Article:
Summer has officially arrived. Despite the pandemic, our gardens have remained open to the public – with a small exception for some much-needed maintenance. If you haven’t had the opportunity to visit, here’s a sample of what is blooming now.
The Bishop’s Garden
The Lower Perennial Border
This planting bed (also known as the “blue border”) is lush with hues of purple, blue, white and pink. Globe thistle and larkspur are blooming now, along with nearby hydrangea.
Consolida ajacis, Giant larkspur: Blue, pink and white flowering plants bloom from June to August. This low-maintenance plant likes full sun, and its blooms grow from 2 to 4 feet high.
Echinops ritro, Globe thistle: A member of the Aster family. Tall spiky flowers appear on this perennial in early summer and last for up to 8 weeks. Globe thistle is low maintenance and the flower head attracts bees.
The name hydrangea comes from the Greek words “hydor” meaning water and “angos” meaning vessel. Hydrangeas are notorious for needing plenty of water.
The Hortulus (little garden) is situated within the Bishop’s Garden. At its center is an ancient font surrounded by boxwood and rosemary. In the Hortulus, betony is now in bloom.
Betonica officinalis, Betony or Bishop’s wort: This perennial grassland herb was historically grown in the gardens of apothecaries and monasteries for medicinal purposes. It flowers from June to October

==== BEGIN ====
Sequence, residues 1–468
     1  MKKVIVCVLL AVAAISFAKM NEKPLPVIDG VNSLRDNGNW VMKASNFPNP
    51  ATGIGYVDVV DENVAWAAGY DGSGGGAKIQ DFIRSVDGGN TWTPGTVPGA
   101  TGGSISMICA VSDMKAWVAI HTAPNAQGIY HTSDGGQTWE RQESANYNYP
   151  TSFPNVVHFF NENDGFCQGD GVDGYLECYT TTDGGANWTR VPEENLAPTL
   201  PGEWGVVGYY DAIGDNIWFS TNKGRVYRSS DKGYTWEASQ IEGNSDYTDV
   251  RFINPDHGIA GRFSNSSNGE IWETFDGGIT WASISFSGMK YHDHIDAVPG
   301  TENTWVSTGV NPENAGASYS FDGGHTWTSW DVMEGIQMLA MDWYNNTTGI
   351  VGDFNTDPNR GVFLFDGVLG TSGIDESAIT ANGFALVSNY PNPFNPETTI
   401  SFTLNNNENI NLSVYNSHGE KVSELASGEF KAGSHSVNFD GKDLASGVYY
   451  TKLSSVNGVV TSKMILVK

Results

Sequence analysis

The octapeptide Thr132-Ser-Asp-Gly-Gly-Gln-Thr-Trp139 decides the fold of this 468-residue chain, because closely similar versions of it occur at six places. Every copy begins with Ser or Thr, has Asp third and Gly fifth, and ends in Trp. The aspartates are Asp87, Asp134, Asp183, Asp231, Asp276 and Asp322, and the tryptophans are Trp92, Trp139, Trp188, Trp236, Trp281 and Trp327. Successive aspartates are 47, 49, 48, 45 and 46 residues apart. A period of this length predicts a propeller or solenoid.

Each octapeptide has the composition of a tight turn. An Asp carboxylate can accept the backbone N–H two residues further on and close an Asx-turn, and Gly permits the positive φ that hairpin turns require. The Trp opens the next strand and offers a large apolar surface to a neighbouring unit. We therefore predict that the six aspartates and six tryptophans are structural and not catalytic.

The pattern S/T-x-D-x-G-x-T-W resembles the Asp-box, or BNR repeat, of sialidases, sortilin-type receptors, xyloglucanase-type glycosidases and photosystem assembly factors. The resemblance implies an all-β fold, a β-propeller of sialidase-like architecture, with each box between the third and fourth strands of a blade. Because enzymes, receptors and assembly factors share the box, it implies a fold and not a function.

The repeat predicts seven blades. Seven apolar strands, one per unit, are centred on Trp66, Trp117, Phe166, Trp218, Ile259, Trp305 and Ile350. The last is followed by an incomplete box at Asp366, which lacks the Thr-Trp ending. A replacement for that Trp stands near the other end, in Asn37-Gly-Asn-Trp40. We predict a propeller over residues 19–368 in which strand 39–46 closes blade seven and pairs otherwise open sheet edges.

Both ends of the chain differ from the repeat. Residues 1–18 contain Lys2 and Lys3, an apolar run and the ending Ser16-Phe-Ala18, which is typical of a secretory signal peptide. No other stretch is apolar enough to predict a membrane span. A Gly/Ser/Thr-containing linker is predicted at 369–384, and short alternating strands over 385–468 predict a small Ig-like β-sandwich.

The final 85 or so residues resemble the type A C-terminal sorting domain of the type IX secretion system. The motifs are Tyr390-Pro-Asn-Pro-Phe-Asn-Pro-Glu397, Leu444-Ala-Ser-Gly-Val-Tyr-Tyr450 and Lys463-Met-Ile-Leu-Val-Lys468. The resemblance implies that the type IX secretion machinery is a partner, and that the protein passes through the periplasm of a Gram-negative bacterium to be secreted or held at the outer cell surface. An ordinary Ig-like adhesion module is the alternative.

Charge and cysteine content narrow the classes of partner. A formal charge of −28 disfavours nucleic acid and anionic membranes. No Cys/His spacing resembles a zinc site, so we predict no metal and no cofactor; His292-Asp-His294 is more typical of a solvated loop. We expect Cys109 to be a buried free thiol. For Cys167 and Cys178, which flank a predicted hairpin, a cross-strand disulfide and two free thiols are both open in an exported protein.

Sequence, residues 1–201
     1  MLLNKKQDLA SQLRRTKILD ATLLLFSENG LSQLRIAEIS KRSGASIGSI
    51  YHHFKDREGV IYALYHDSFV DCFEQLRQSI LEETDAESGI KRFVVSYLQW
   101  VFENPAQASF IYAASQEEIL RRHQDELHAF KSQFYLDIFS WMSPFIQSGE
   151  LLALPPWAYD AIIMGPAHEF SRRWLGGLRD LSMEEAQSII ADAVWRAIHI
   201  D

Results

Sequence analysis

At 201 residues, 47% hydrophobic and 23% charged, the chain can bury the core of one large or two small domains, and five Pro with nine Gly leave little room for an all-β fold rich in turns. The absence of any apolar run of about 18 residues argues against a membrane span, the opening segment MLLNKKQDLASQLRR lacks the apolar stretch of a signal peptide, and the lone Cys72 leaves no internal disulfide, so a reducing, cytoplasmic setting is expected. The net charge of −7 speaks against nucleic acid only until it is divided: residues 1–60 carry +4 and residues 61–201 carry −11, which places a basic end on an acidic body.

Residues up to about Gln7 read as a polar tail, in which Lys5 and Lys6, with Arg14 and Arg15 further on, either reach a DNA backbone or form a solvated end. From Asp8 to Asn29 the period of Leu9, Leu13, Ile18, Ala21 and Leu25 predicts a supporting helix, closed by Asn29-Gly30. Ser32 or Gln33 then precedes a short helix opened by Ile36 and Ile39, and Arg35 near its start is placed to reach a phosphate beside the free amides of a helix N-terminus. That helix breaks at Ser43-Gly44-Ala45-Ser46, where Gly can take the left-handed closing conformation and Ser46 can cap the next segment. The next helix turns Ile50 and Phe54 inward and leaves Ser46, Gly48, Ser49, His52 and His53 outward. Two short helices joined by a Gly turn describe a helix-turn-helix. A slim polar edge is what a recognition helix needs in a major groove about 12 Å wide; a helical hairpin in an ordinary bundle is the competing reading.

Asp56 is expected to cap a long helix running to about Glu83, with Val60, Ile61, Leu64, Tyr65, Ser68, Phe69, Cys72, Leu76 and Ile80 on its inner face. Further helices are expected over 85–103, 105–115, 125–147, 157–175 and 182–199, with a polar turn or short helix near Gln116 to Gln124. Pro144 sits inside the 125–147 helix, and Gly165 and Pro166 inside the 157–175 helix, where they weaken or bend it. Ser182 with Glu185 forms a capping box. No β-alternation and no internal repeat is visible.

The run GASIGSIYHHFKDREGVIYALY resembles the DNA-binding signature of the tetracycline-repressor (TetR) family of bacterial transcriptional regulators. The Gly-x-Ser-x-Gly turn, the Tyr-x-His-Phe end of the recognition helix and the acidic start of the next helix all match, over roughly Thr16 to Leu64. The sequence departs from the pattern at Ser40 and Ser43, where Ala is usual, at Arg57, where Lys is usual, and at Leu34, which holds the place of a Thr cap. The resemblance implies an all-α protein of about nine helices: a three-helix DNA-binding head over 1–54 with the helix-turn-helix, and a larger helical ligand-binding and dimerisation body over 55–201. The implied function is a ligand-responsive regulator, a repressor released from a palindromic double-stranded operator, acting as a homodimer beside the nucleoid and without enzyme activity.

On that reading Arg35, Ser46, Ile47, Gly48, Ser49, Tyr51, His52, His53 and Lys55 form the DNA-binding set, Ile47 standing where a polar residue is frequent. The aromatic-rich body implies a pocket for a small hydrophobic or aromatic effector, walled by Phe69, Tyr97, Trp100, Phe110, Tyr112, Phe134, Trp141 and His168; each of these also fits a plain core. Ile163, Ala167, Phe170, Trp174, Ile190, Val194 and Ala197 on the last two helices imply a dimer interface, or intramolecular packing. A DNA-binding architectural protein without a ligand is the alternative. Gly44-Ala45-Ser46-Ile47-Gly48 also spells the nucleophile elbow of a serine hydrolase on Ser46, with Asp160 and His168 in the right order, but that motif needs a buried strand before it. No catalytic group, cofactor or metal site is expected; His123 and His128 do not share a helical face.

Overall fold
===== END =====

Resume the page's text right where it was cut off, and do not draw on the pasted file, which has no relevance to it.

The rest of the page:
The Bishop’s Garden Rose Bed is in full bloom with roses of many varieties.
The Sundial Bed
The Sundial Bed in the Bishop’s Garden is now showing the last blooms of allium. The pomegranate tree in the center of the bed is showing its bright orange blooms.
Things are buzzing in the Pollinator Garden (pun intended) just in time for National Pollinator Week (June 22 – 28). The Pollinator Garden was planned by our Summer 2018 Interns. It is located along Beauvoir Road near the entrance to the National Cathedral School Athletic Center and includes pollinator-friendly plants and a colony of stingless Mason bees. Now blooming is a beautiful orange bed of butterfly weed and dark pink coneflower.
Asclepias tuberosa, Butterfly weed: A summer blooming perennial with large clusters of bright orange flowers that attract butterflies. This plant is suited to sunny sites with well drained or dry soil – making it very drought tolerant.
Echinacea purpurea, Purple coneflower: This purplish pink flowering perennial is easily grown in average to dry soil and likes full sun to partial shade. It blooms throughout the summer and is native to prairies and open woods of the central and southeastern United States. The spiny center of the flower attracts bees and butterflies.
Our Woods Volunteers are back at work on Wednesday mornings. You can read about their progress and see what’s blooming in the Woods by going to our previous blog post HERE.
If you would like to show your support for the Cathedral Gardens, please consider becoming a member of All Hallows Guild. Annual memberships are just $40, and the funds will support our mission of preserving the gardens as a haven of peace in the midst of the Capital City.